This article is for investors who would like to improve their understanding of price to earnings ratios (P/E ratios). To keep it practical, we’ll show how Tech Data Corporation’s (NASDAQ:TECD) P/E ratio could help you assess the value on offer. Tech Data has a price to earnings ratio of 14.63, based on the last twelve months. That is equivalent to an earnings yield of about 6.8%.
How Do I Calculate A Price To Earnings Ratio?
The formula for P/E is:
Price to Earnings Ratio = Share Price ÷ Earnings per Share (EPS)
Or for Tech Data:
P/E of 14.63 = $85.93 ÷ $5.87 (Based on the year to October 2018.)
Is A High Price-to-Earnings Ratio Good?
A higher P/E ratio means that buyers have to pay a higher price for each $1 the company has earned over the last year. All else being equal, it’s better to pay a low price — but as Warren Buffett said, ‘It’s far better to buy a wonderful company at a fair price than a fair company at a wonderful price.’
How Growth Rates Impact P/E Ratios
When earnings fall, the ‘E’ decreases, over time. That means even if the current P/E is low, it will increase over time if the share price stays flat. A higher P/E should indicate the stock is expensive relative to others — and that may encourage shareholders to sell.
It’s great to see that Tech Data grew EPS by 13% in the last year. But earnings per share are down 1.1% per year over the last five years.
How Does Tech Data’s P/E Ratio Compare To Its Peers?
The P/E ratio indicates whether the market has higher or lower expectations of a company. If you look at the image below, you can see Tech Data has a lower P/E than the average (18.2) in the electronic industry classification.
Tech Data’s P/E tells us that market participants think it will not fare as well as its peers in the same industry. Since the market seems unimpressed with Tech Data, it’s quite possible it could surprise on the upside. If you consider the stock interesting, further research is recommended. For example, I often monitor director buying and selling.
Don’t Forget: The P/E Does Not Account For Debt or Bank Deposits
The ‘Price’ in P/E reflects the market capitalization of the company. In other words, it does not consider any debt or cash that the company may have on the balance sheet. Theoretically, a business can improve its earnings (and produce a lower P/E in the future), by taking on debt (or spending its remaining cash).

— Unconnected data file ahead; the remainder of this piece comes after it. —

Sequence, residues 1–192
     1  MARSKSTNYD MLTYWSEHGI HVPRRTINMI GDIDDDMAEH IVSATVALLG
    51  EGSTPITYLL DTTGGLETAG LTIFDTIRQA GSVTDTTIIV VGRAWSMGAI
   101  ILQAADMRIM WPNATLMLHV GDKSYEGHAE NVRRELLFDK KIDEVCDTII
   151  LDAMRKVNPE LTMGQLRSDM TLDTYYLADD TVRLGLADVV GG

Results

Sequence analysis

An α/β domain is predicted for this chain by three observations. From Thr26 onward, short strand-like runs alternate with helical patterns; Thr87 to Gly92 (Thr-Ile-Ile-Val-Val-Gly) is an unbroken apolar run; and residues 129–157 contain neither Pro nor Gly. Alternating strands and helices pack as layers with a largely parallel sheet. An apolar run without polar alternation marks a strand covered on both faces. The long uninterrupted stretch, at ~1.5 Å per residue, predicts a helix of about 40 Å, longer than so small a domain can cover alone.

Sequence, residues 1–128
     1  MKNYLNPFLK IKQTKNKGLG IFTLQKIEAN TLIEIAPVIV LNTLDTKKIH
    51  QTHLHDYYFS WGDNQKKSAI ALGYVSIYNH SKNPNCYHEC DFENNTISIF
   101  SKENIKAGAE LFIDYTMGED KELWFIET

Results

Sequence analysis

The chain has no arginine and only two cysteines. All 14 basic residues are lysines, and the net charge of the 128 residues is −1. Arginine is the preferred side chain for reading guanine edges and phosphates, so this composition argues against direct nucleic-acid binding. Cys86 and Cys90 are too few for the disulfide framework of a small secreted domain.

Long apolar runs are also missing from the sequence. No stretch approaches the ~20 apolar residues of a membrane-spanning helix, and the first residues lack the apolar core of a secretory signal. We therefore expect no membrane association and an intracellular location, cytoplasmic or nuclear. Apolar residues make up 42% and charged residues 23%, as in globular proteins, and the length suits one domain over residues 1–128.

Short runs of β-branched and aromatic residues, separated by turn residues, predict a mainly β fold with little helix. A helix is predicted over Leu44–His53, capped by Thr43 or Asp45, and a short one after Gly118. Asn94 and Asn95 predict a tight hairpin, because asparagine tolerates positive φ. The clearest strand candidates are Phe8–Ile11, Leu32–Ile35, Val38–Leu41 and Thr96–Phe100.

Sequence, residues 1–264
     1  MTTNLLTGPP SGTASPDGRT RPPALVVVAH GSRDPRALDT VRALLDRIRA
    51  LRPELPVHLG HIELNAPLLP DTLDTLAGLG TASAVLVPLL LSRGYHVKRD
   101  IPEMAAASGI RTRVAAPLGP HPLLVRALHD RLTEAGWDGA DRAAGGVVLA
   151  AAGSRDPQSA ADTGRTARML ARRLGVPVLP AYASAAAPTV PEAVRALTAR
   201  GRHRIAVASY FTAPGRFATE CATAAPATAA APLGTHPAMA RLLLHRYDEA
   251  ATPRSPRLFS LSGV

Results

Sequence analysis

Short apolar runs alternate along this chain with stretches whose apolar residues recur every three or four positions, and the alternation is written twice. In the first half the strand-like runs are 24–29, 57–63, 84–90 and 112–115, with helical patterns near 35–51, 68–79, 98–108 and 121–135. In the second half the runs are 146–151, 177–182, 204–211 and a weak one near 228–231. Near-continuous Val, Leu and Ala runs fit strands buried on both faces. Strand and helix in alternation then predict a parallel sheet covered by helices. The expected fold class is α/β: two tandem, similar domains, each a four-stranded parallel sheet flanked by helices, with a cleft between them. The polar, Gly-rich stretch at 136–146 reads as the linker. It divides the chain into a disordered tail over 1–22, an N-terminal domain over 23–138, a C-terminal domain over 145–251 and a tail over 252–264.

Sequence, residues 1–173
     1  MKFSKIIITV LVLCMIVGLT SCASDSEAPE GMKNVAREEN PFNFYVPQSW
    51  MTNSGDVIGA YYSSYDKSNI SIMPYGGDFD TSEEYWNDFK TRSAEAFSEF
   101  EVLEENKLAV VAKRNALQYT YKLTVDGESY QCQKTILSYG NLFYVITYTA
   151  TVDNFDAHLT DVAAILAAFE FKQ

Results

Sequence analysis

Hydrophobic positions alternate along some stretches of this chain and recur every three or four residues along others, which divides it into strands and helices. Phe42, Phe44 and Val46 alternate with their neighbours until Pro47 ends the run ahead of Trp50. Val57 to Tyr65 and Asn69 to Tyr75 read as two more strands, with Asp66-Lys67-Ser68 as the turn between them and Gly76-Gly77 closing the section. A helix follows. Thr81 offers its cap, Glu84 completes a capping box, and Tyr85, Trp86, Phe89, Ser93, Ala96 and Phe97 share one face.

Such spending might be good or bad, overall, but the key point here is that you need to look at debt to understand the P/E ratio in context.
How Does Tech Data’s Debt Impact Its P/E Ratio?
Tech Data’s net debt is 24% of its market cap. This could bring some additional risk, and reduce the number of investment options for management; worth remembering if you compare its P/E to businesses without debt.
The Verdict On Tech Data’s P/E Ratio
Tech Data trades on a P/E ratio of 14.6, which is below the US market average of 16.7. The company does have a little debt, and EPS growth was good last year. The low P/E ratio suggests current market expectations are muted, implying these levels of growth will not continue. Since analysts are predicting growth will continue, one might expect to see a higher P/E so it may be worth looking closer.
Investors should be looking to buy stocks that the market is wrong about. If the reality for a company is not as bad as the P/E ratio indicates, then the share price should increase as the market realizes this. So this free report on the analyst consensus forecasts could help you make a master move on this stock.
Of course, you might find a fantastic investment by looking at a few good candidates. So take a peek at this free list of companies with modest (or no) debt, trading on a P/E below 20.
To help readers see past the short term volatility of the financial market, we aim to bring you a long-term focused research analysis purely driven by fundamental data. Note that our analysis does not factor in the latest price-sensitive company announcements.
The author is an independent contributor and at the time of publication had no position in the stocks mentioned. For errors that warrant correction please contact the editor at email@example.com.